Silverstone will answer key championship questions

This weekend's British Grand Prix should answer important questions as to how the rest of the 2010 world championship will develop.

Red Bull Racing's RB6 has clearly been the most impressive car of the season to date but neither the team nor its drivers head their respective world championship tables as the season approaches its halfway stage.

McLaren and Ferrari have been the team's principal rivals and it is the former which has taken full advantage whenever weather or inter-team issues has derailed Red Bull.

Ferrari got off to a winning start in Bahrain but then mechanical issues and driver errors, such as Alonso's jump start in China and crash in Monaco practice, have conspired against the team, as did circumstances in Valencia.

In Spain Ferrari debuted its 'blown' diffuser system, which improves the efficiency of the diffuser by blowing the exhaust gases through it, something which Red Bull has done since the start of the season. The Spanish street track, however, is not the kind of circuit where the most significant gains from such a system are likely to be had. Silverstone though, even with a new layout, will place a premium on downforce.

Therefore, not only should we be able to gauge the true performance level of Ferrari's F10, but also McLaren which, along with Williams, will debut a blown diffuser at Silverstone.

"We are hopeful that it will put us right up there and make us competitive in most situations," defending champion Jenson Button said in Valencia, and they were sentiments echoed by team principal Martin Whitmarsh.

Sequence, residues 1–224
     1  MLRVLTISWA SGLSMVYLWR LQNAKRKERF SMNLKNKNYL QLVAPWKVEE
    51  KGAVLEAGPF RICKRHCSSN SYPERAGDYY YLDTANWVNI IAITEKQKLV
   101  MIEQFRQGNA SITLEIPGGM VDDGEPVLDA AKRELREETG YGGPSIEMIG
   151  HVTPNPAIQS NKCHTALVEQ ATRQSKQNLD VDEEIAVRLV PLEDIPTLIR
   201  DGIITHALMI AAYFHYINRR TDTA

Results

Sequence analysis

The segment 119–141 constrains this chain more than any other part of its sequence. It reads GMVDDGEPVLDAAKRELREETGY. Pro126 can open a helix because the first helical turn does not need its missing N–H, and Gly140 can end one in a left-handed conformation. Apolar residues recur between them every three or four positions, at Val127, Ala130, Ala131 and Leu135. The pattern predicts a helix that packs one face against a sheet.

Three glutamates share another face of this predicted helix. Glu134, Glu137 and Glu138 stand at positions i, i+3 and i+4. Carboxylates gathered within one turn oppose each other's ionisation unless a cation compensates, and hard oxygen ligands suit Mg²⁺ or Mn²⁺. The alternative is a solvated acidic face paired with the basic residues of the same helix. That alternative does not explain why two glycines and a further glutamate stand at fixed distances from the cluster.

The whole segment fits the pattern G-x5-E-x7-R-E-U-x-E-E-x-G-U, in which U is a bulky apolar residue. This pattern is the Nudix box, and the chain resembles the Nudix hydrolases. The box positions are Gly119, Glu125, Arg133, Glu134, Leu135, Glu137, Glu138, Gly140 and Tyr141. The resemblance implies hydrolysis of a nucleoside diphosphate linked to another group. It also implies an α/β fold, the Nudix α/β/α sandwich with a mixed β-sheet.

Estimates of the gains to be had from a blown diffuser at Silverstone have been put at as much as 0.6-0.7s per lap, although Red Bull's Christian Horner believes it is less than that.

Red Bull dominated Silverstone with its excellent RB5 last year and will go into the Northamptonshire weekend quietly confident of being able to do the same again. It's not just the blown diffuser which is key to the RB6's performance level. The car, uniquely, has pull-rod rear suspension which has allows the team to optimise diffuser size and performance, something that the others have not been able to copy.

Mercedes and Renault also brought blown diffusers to Valencia and Silverstone will better reveal the ultimate potential of those systems. Mercedes had to go backwards after overheating aero components in Spain and has also experienced problems getting a qualifying time out of its car on the softer of Bridgestone's two compounds. The race pace has been more competitive but the cars are starting too far back.

In summary, if Red Bull has a close fight on its hands at Silverstone, the team will know it is in for a rough ride for the rest of the year, from McLaren in particular. But if the team dominates as much as it did last year, the rest will need to push the envelope of the relentless development race more than ever.

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